span

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span

1. Psychol the amount of material that can be processed in a single mental act
2. short for wingspan
3. a unit of length based on the width of an expanded hand, usually taken as nine inches

Span

The interval between any two consecutive supports of a beam, girder, or truss or between the opening of an arch.

Span

 

of a bridge, the part of a bridge that extends between the bridge piers and carries various loads, such as transportation vehicles, pedestrians, and winds, which it transfers to the piers.

A span consists of such bearing components as longitudinal beams or trusses, crossbeams or diaphragms, and slabs for the roadway. In arch bridges the main bearing components are the arches, which support the structure above them. Loads carried by spans are transferred to piers through bearing parts. The roadway slab of a span supports a roadbed and pedestrian sidewalks. The surface of the slab is paved with a layer of topping of asphalt or cement concrete and waterproofing. The material used for a span may be a metal, such as an aluminum alloy or steel, plain or reinforced concrete, native stone, or wood.

The span is the most important part of a bridge. The structural design of a bridge and its static diagram depend on the static diagram of the span. The span may be of the girder, frame, arch, suspension, guy, or combination type. The general architectural composition of a bridge is essentially dependent on the type of span. Ordinarily a span is rectilinear as viewed from the top, although the spans of modern bridges, viaducts, and overpasses over the junctions of transportation lines may have more complicated shapes and be spiraled, ringed, or branched.

The static diagram and the structural material used determine the way in which a span is constructed. Spans are usually built from prefabricated units manufactured in specialized plants or yards.


Span

 

in buildings and structures, the distance between the neighboring supports of horizontal structural elements. There are spans, for example, between the columns that support a roof truss and between the piers that support a bridge span. Standardized span dimensions that conform to the Unified Modules System are currently used in construction in the USSR.

span

[span]
(aerospace engineering)
The dimension of a craft measured between lateral extremities; the measure of this dimension.
Specifically, the dimension of an airfoil from tip to tip measured in a straight line.
(engineering)
A structural dimension measured between certain extremities.
(mathematics)
For a set A, the intersection of all sets that contain A and have some specified property. Also known as hull.
For a set of vectors, the set of all possible linear combinations of those vectors. Also known as linear span.
(statistics)
The difference between the highest value and the lowest value in a range of values.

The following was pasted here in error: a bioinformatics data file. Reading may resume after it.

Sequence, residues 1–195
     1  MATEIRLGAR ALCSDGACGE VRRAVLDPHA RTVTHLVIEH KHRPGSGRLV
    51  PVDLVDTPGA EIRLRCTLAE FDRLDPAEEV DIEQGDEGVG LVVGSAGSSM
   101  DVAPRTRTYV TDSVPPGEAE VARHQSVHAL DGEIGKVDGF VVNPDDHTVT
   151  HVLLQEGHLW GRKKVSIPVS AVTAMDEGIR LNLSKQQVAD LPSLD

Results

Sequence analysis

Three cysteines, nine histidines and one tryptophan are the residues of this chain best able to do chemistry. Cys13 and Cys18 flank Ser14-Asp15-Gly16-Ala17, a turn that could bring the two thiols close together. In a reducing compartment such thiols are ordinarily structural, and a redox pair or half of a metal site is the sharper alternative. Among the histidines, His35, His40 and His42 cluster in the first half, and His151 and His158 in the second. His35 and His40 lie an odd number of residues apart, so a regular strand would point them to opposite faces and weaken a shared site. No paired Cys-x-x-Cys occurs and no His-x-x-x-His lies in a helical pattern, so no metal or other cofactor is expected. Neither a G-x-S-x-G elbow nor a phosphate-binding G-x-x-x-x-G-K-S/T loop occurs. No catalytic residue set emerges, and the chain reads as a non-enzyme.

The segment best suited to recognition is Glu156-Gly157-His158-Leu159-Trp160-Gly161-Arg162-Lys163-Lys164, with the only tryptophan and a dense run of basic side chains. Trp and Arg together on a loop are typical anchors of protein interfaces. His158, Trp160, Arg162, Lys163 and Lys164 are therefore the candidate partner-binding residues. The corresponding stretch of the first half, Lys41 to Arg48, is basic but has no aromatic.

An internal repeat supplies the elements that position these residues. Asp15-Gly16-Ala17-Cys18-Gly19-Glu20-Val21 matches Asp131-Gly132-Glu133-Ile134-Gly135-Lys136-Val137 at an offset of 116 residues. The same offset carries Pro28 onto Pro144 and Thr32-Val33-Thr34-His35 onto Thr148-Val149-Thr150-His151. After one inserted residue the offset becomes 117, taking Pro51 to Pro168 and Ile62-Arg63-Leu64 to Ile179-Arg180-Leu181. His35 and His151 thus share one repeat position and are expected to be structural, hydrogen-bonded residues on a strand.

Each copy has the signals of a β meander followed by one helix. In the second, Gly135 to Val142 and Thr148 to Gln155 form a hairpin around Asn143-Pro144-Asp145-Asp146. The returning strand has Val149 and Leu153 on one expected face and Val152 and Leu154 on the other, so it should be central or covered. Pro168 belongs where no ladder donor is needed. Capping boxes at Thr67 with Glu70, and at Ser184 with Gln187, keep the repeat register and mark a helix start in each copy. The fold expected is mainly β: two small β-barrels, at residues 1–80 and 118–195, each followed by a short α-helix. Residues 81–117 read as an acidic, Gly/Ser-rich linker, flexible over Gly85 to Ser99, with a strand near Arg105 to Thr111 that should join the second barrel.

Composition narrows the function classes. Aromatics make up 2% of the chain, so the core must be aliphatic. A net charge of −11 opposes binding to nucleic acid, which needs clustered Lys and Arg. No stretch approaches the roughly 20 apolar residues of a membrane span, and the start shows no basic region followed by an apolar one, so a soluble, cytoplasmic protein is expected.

bearing distance, span

The length of a beam between its bearing supports.

span

1. The interval between two terminals of a construction.
2. The distance apart of any two consecutive supports, esp. as applied to the opening of an arch.
3. A structural member (or part of a member) between two supports.

span

span
spanclick for a larger image
i. The tip-to-tip distance of a wing. Winglets, tip tanks, and tip pods are not included while measuring the span.
ii. The operating radial distance from the root to the tip of a rotating airfoil, such as helicopter rotors or turbine or compressor blades.
References in periodicals archive ?
Verbal memory span in children: Speech timing cues to the mechanisms underlying age and word length effects.
An adaptation of the recognition memory span task has been successfully used to assess memory loss in patients with different degenerating brain diseases (Moss, Albert, Butters, and Payne, 1986); to assess memory in aging monkeys (Moss, Killiany, Lai, Rosene, and Herndon (1997); and more recently, to assess developmental changes of recognition memory span in children (Rehbein, Barria, Massardo, Oyarzun and Schade, 2002).
But also because working memory span predicts a wide range of very different complex cognitive tasks such as reasoning (Garcia-Madruga et al.
The material for the sequences of digits in single and dual conditions consisted of series of digits related to the participant's memory span, read to the participants during 2 minutes.
s shifting component executive process, random generation on the inhibition and updating components, whereas working memory span tasks appear to load on the updating component.
The nature of the relationship between attention, or memory span, and intelligence has been explored by intelligence and memory researchers alike in the past two decades (Bachelder & Denny, 1977a, 1977b; Cantor, Engle & Hamilton, 1991; Cohen & Sandburg, 1977; Crawford, 1991; Dempster, 1981; Engle, Nations & Cantor, 1990; Jensen, 1964; Jensen & Figueroa, 1976; Stankov, 1983).
According to memory research, those who defend structural developmental changes in working memory argue that by the age of sixteen there are no more modifications in working memory span (Pascual-Leone, 1980; Kail, 1986; Siegel, 1994).
London, May 5 (ANI): Do you also believe that goldfish have a memory span of only three seconds, and that dogs fail to recognise colours other than white and black?
As usual there's a tale behind the show - this time a fishy one involving clownfish Nemo, his overprotective father, Marlin, and cheerfully optimistic Dory who has a somewhat limited memory span.
The correlation between these memory span tasks and intelligence measures could derive from their short-term storage or processing requirements.
The threat comes in the wake of new research on the intelligence and memory span of fish.
A comparison of immediate memory span for digits, letters, and words.